“A Husband Gone Wild in the Garden”


…and the gardener-wife who just "kept mum" and LET HIM DO IT.
Why-oh-why?  That’s my question about this bizarro story in the Style
Section of the Washington Post (out from the usual home and garden
ghetto).  But really, read it and imagine, if you will, allowing your spouse to invade your garden ("my pride and joy") and basically
destroy it.  All because well, you’d been nagging for him to help out and he’s finally getting involved.  Trouble is, this passive-aggressive boob is helping out by doing everything his way and he’s following advice he’s getting from – get this – gardening magazines and TV shows! One example is the husband’s
assertion, after buying half-dead roses, that with "a bit of fertilizer
they’ll perk right up."  Uh, no they won’t.

As shocking as this story is, at least it started off on a positive
note:  "Gardening is in." But it’s downhill from there for any
reader with an ounce of concern for gardens – or marriages.

Don’t say I didn’t warn you.  Link.


  1. I also found this article weirdly unpleasant. After I read the GR posting I decided that possibly reading the article in the flesh, from newsprint, might provide more clues to the writer’s true feelings. But the accompanying illustration does indeed suggest that the author finds this all rather amusing. In fact, I suspect that someone at the WaPo just decided to put a bit of fiction in their Style Plus section. I simply do not believe that a gardener would be so sanguine about having his or her entire garden “re-arranged.” I speak as the wife of a small-time gardener. I wouldn’t even rake a leaf in his garden beds w/o asking first.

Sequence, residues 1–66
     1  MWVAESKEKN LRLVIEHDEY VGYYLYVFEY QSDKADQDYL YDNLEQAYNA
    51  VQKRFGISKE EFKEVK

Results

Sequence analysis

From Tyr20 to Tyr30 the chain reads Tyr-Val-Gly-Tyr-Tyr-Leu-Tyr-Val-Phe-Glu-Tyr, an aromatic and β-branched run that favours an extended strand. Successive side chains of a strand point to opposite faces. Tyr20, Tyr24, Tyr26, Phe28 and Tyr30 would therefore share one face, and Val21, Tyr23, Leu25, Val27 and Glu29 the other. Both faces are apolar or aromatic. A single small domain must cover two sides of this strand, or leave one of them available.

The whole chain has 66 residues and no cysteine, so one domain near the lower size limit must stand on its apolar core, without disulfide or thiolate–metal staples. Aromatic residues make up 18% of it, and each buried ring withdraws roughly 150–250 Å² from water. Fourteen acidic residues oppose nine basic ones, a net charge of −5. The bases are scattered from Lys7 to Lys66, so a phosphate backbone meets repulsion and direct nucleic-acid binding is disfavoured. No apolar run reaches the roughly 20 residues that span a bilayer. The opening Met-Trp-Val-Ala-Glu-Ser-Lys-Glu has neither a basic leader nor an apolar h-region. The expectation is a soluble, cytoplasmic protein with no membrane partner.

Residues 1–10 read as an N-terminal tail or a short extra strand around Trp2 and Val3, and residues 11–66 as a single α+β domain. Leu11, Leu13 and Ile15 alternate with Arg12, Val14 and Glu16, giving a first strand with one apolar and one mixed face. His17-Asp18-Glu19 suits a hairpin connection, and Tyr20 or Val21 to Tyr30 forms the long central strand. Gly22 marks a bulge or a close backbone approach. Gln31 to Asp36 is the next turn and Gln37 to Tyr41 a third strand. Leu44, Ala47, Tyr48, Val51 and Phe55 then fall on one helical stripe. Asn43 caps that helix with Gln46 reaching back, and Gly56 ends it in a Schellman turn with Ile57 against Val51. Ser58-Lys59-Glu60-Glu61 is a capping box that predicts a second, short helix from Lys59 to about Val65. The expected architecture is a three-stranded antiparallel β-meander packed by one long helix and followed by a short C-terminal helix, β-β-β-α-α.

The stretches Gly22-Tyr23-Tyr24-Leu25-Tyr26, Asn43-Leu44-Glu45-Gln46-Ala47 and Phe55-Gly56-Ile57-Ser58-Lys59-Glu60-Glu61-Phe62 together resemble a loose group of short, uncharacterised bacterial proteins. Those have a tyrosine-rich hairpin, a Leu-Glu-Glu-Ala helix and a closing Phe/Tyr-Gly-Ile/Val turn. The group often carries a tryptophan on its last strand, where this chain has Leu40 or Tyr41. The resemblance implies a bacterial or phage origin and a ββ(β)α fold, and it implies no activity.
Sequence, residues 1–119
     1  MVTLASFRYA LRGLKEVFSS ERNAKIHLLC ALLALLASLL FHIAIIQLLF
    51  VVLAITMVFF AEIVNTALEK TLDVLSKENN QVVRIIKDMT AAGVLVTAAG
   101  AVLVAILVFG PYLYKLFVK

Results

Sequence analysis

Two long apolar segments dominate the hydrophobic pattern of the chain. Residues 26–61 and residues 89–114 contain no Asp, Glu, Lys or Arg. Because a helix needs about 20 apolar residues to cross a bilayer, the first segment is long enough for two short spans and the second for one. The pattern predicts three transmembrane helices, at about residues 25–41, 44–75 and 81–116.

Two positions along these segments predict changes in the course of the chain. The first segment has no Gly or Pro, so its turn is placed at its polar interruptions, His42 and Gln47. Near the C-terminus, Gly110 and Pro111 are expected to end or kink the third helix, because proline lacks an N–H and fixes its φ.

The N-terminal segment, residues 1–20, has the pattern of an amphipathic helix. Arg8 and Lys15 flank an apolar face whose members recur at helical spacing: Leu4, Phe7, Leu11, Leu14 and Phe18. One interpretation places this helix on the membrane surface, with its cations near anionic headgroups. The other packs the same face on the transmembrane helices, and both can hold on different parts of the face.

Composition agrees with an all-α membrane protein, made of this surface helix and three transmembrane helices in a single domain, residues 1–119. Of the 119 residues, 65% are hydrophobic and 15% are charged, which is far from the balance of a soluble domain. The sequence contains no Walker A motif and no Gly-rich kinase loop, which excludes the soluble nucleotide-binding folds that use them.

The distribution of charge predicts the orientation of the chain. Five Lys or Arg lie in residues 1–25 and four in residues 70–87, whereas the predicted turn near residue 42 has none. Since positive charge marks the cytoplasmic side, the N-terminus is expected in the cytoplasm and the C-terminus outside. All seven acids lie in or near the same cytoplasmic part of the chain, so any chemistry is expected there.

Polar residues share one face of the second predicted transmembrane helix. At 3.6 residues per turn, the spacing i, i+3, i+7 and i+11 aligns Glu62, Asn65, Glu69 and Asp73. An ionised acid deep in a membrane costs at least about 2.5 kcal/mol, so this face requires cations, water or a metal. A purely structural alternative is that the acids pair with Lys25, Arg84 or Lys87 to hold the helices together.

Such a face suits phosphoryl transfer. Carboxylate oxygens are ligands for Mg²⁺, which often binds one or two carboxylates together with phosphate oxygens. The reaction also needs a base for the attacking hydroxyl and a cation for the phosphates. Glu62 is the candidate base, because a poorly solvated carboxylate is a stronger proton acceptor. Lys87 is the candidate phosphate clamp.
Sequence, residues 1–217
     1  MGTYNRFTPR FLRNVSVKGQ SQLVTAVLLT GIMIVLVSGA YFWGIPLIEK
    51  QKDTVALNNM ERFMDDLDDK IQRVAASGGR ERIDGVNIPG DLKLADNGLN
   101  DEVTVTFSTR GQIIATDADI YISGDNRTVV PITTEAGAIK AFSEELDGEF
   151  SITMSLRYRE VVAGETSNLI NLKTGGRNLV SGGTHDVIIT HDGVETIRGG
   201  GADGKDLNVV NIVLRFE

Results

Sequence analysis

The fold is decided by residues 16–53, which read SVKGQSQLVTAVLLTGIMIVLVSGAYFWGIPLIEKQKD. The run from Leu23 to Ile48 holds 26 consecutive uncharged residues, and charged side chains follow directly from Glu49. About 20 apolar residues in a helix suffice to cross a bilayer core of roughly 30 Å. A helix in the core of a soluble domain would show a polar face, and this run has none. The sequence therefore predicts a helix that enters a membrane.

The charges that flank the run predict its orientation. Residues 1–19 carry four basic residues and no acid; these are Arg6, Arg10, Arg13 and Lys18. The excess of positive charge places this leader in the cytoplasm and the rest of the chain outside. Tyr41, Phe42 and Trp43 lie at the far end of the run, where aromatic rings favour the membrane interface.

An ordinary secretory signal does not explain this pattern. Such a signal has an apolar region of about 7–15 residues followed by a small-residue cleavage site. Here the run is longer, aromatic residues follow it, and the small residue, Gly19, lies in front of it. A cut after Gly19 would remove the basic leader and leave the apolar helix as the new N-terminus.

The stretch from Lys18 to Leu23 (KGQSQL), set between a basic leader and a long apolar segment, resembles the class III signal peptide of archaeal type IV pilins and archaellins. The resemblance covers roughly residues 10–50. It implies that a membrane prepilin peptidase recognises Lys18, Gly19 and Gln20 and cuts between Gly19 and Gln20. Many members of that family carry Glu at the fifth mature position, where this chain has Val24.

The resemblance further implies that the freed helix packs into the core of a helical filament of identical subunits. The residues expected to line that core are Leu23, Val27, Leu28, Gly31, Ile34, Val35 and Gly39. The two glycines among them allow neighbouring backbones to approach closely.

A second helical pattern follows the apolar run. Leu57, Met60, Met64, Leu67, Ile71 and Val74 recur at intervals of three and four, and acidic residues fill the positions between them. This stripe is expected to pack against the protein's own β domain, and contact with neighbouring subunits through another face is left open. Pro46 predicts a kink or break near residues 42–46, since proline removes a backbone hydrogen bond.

2. I read this yesterday when my WaPo arrived and noted it is a “Style Plus” personal essay – NOT in the Home or Garden section. Meant to be humorous and obviously that is a matter of taste. I didn’t laugh at it – but I did find the “headless bird topiary” mildly amusing picturing the passing neighbors trying to figure out what was up with that deformed bush.

  3. You’d really have to be a doormat to let this happen to you. I’m pretty laid back (DH is the high maintenance one) but I’d come totally uncorked and demand approval of every single move he made if he started taking an interest in my garden.

  4. Passive-aggressive only begins to describe this guy. DH would be dead meat if he ever did anything like that. But he never would, because he actually respects me, unlike the way the guy in the article treats his wife. Like the other commenters, I had a real feeling of unease while reading the story.

  5. It’s called respect. When my wife and I had a small house we divided the gardens beds and a few we co-managed. We now have a larger place, which of course means more to garden. This time we’ve split the areas into ornamental and food production. We each make very few suggestions, usually regarding “What do you think about getting one of these?” and truly listen to each other. Aretha Franklin’s music gets played quite often.

  6. Rant!

    Why do folks IMMEDIATELY put fertilizer on an ailing plant?

    It’s insane, and it’s pretty much instant death to the plant.

    I am a member of the LiveJournal Garden community, and these posters always come for advice AFTER they’ve done the damage. “I have a plant that isn’t doing well. I gave it fertilizer this morning…” Like it’s some kind of caster oil or something. Hells. Castor oil might do less damage.


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